High Court Stays Fine On Police In Delhi Riots Case

High Court Stays Fine On Police In Delhi Riots Case

The matter would be heard next on September 13. (File)

The Delhi High Court Wednesday stayed the imposition of Rs 25,000 costs on the police in a case related to northeast Delhi riots but refused to interfere with the trial court’s strictures against its investigation at this stage.

“We can’t expunge the remarks without hearing you (Police). Costs may not be deposited till the next date of hearing,” said Justice Subramonium Prasad who was hearing Delhi Police’s challenge to the trial court order calling its investigation into the case “callous and farcical” and imposing Rs 25,000 costs.

The trial court order was passed in a challenge to magisterial court order that had directed Delhi Police to register an FIR on the complaint of one Mohammad Nasir, who lost his left eye after suffering a gunshot injury during the riots.

The high court issued notice on Delhi Police’s plea against the trial court order and sought the response of the complainant, Mohammad Nasir, in 10 days.

Additional Solicitor General S V Raju, appearing for the police, said that at present, the main grievance was against the costs and the strictures.

He also submitted that an FIR pertaining to the alleged incident had already been thoroughly investigated and the accused was found to be not present at the spot at the relevant time.

“All investigation will lead to one conclusion,” S V Raju said.

Advocate Mehmood Pracha, representing the complainant, claimed that the police’s stand was misleading and his client was under “tremendous pressure to withdraw” his pleas before the court.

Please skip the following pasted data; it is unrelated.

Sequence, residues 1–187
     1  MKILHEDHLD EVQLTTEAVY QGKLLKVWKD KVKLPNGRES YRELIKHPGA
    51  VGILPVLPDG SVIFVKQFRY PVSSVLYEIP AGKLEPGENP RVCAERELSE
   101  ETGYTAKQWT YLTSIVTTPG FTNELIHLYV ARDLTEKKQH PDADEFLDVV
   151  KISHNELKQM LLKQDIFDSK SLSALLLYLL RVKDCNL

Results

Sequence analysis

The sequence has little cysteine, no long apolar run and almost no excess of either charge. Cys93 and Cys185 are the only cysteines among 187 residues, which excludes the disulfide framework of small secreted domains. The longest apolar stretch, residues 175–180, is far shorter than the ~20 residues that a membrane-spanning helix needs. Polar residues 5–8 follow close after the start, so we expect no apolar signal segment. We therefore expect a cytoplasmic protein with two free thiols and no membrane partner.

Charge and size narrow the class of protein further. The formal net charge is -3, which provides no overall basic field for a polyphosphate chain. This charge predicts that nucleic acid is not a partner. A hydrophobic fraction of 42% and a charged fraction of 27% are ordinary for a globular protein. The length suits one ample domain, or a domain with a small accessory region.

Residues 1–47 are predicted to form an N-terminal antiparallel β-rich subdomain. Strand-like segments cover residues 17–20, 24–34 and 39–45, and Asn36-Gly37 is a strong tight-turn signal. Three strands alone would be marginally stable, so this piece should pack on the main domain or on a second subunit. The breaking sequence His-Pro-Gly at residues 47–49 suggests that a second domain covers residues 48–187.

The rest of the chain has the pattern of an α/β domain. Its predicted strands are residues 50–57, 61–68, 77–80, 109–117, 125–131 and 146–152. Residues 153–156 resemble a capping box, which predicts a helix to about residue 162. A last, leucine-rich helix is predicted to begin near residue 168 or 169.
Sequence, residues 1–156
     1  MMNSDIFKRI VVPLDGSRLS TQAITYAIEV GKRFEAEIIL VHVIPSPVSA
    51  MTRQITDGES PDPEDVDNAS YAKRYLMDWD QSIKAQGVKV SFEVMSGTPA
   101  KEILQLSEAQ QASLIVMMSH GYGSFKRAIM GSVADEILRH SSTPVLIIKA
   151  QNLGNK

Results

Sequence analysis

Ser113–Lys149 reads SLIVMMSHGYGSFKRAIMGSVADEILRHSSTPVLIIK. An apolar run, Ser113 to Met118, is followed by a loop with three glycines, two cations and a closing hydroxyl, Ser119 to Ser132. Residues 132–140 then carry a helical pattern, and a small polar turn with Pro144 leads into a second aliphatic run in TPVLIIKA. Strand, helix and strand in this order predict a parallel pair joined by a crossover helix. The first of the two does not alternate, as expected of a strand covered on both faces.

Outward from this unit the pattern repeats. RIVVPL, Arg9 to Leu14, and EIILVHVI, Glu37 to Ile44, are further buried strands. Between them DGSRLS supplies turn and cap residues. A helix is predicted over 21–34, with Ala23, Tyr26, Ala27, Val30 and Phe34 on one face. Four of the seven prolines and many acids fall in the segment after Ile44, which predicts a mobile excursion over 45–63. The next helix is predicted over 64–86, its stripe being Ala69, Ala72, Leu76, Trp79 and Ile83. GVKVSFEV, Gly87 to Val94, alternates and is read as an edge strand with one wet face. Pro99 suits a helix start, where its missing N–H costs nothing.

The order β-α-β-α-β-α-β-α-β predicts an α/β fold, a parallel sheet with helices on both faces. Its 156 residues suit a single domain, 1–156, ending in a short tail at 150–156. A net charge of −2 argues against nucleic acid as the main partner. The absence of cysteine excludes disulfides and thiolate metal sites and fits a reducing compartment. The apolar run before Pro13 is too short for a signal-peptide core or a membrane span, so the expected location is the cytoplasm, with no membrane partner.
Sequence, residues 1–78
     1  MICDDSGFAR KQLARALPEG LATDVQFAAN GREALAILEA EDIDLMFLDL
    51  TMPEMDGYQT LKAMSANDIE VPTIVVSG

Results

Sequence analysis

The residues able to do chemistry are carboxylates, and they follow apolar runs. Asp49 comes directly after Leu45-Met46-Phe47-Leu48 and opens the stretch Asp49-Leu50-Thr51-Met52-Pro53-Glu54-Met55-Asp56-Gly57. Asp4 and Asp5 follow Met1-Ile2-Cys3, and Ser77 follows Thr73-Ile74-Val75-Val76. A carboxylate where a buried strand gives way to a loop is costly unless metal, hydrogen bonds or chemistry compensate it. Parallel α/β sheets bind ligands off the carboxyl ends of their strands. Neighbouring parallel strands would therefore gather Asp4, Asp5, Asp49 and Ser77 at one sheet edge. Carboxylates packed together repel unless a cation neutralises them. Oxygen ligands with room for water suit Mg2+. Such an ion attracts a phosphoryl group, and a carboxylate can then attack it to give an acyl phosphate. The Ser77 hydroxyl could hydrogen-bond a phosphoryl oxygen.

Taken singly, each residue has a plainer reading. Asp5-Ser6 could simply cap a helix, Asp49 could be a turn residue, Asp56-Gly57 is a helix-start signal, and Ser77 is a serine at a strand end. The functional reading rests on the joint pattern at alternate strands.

The matter would be heard next on September 13.

In its challenge to the trial court order, police said the imposition of fine, which was to be recovered from the station house officer (SHO) of Bhajanpura police station and his supervising officers, was unwarranted and uncalled for.

Filed through advocates Amit Mahajan and Rajat Nair, the plea argues that the July 13 order was in violation of principles of natural justice as it was passed without giving any opportunity to the DCP to make his submissions, and that very serious remarks were made against the investigation even prior to the commencement of trial.

In its order, Additional Sessions Judge Vinod Yadav had pulled up the police for lack of efficacy and fairness in the investigation in the case and said that it had been done in a most casual, callous, and farcical manner.

It was the police stand that there was no need to register a separate FIR on the basis of the complaint as it had already registered one earlier and there was no evidence against the persons who allegedly shot him as they were not present in Delhi at the time of the incident.

The judge had said that Mohammad Nasir was free to exhaust his remedies available to him in accordance with the law to get a separate FIR registered in respect of his complaint.

Communal clashes had broken out in northeast Delhi on February 24, 2020, after violence between citizenship law supporters and protesters spiralled out of control leaving at least 53 people dead and around 700 injured. 

Read More: India News


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